The Biggest U.S. Climate Law of All Time

Students explore how massive new climate legislation might affect their lives and how climate activists are using it to propel greater change.

To the Teacher

In August 2022, President Biden signed into law the Inflation Reduction Act (IRA) which allocates upwards of $370 billion toward policies designed to address the climate crisis. The provisions of that massive bill are now beginning to be felt.

This lesson includes two readings on this legislation and how it is impacting the fight against climate change. The first reading provides an overview of the IRA and its significance as the largest piece of climate legislation in U.S. history. The second reading considers some of the shortcomings of the IRA and ways that climate activists are using the act as a tool to propel greater change. Questions for discussion follow each reading.

Sunrise protest
Sunrise Movement protest in San Francisco, by Peg Hunter




Ask students:

  • Have you seen changes in your life because of the climate crisis?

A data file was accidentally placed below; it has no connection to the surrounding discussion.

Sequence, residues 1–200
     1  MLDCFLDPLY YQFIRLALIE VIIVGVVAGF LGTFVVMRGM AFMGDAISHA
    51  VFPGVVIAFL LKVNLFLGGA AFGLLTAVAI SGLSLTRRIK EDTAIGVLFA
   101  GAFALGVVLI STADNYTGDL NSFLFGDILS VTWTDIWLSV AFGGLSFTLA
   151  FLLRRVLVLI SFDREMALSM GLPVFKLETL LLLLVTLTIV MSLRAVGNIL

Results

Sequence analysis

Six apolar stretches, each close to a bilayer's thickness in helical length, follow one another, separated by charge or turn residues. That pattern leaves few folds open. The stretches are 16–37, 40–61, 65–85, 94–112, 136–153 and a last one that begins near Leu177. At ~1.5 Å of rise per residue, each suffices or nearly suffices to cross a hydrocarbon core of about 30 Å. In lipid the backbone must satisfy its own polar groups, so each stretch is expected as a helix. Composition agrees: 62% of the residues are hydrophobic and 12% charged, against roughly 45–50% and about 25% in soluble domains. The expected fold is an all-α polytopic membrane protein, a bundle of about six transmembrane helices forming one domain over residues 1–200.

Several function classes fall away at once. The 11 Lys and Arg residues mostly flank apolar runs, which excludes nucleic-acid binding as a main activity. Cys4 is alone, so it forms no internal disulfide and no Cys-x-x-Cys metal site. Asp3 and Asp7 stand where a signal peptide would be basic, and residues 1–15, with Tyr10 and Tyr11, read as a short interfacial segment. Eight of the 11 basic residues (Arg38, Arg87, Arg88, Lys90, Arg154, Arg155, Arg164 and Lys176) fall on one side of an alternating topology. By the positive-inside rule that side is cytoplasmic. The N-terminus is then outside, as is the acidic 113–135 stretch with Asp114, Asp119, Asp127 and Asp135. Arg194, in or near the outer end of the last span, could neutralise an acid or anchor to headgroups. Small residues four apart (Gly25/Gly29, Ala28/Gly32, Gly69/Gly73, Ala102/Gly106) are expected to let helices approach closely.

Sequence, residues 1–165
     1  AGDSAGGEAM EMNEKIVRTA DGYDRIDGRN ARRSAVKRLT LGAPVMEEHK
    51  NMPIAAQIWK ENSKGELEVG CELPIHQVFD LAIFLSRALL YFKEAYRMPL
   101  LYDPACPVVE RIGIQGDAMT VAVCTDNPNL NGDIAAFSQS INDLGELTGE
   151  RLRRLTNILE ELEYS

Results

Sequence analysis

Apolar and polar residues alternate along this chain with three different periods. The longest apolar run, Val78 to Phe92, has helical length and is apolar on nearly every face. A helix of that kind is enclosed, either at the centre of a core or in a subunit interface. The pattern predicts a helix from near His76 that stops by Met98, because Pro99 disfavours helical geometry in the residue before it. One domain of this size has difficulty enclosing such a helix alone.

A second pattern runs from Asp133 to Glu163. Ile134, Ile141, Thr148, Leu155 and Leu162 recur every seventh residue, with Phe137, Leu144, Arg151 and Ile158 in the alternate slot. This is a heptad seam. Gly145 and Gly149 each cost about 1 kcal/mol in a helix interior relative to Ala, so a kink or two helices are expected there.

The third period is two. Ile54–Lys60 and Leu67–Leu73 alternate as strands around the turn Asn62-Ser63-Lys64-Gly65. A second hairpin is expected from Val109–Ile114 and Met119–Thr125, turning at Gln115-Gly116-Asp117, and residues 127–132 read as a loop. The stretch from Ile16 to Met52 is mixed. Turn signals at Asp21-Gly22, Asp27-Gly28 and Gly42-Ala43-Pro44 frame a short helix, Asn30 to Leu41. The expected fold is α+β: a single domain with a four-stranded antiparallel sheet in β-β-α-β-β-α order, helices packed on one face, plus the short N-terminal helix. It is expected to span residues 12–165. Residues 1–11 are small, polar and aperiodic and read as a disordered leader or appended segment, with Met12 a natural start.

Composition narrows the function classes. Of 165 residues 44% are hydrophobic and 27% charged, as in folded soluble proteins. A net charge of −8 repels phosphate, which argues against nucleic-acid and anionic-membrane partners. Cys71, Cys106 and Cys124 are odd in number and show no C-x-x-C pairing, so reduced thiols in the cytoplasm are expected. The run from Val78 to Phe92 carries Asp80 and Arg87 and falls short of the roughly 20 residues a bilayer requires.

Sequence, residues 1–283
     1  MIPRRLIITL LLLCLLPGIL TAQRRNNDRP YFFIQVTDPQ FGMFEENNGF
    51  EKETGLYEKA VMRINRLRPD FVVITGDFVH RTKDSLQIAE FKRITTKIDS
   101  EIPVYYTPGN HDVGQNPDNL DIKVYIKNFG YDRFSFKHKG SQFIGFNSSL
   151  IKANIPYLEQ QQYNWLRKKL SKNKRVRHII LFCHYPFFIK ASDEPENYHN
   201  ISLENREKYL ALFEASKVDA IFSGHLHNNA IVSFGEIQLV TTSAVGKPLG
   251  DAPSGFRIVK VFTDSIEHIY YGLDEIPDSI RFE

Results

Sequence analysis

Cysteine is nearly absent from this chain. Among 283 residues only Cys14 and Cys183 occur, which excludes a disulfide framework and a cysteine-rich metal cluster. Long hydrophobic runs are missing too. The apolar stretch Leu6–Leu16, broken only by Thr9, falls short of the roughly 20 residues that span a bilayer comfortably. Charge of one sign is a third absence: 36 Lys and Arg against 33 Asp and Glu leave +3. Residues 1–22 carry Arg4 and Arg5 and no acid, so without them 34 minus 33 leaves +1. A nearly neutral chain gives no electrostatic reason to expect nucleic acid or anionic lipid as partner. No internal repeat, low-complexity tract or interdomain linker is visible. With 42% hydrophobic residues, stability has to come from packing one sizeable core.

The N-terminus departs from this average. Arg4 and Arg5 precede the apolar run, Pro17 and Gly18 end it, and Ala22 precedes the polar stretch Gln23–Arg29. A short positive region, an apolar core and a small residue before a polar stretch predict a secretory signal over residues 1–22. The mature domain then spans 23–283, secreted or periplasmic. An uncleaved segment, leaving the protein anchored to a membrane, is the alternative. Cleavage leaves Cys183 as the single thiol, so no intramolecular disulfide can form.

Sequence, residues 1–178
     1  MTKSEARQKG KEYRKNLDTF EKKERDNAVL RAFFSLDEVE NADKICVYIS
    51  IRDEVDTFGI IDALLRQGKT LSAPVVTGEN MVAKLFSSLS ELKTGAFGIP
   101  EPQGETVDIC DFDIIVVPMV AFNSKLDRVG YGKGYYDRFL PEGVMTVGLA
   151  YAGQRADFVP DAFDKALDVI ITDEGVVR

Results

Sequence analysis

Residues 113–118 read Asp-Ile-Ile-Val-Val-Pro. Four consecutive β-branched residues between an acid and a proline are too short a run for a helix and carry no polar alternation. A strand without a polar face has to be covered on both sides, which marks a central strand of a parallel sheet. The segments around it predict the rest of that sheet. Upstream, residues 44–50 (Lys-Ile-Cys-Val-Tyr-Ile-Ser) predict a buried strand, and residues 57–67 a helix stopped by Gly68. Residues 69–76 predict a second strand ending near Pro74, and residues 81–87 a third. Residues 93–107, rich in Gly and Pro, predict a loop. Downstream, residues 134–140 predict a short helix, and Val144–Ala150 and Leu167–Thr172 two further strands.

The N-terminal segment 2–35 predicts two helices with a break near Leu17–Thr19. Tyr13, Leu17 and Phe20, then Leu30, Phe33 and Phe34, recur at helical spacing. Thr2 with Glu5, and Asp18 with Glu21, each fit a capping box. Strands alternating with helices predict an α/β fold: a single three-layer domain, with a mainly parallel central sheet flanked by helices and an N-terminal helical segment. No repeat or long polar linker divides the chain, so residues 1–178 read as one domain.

• Have you or your family changed anything about the way you live because of the climate crisis?
  • Are you aware of any recent government action to address the climate crisis?

Share with students that in 2022, the U.S. government made the largest investment in addressing climate change in our nation’s history. Today we’ll learn more about how this legislation is beginning to be felt, how it might affect us – and what climate activists are saying and doing about it.


Reading One

Biggest Climate Bill Ever: The New Inflation Reduction Act

pdf version

Many of us are keenly aware of the dire threat that climate change poses to life across the planet. The United Nation’s Intergovernmental Panel on Climate Change warned in a new report that dramatic measures are needed if we are to “secure a livable future for all.”

At the same time, those who have been pushing for strong climate action have a major victory they can point to: In August 2022, President Biden signed into law the Inflation Reduction Act (IRA) which, among other provisions, allocates more than $370 billion to address the climate crisis.

This is the largest investment that the U.S. government has ever made to address climate change, and the effects of the legislation are only beginning to be felt.

Writing for Inside Climate News in December of 2022, reporter Dan Gearino gave historical context to the significance of the IRA, putting the act at the top of his list of the most substantive recent victories for clean energy. Gearino wrote: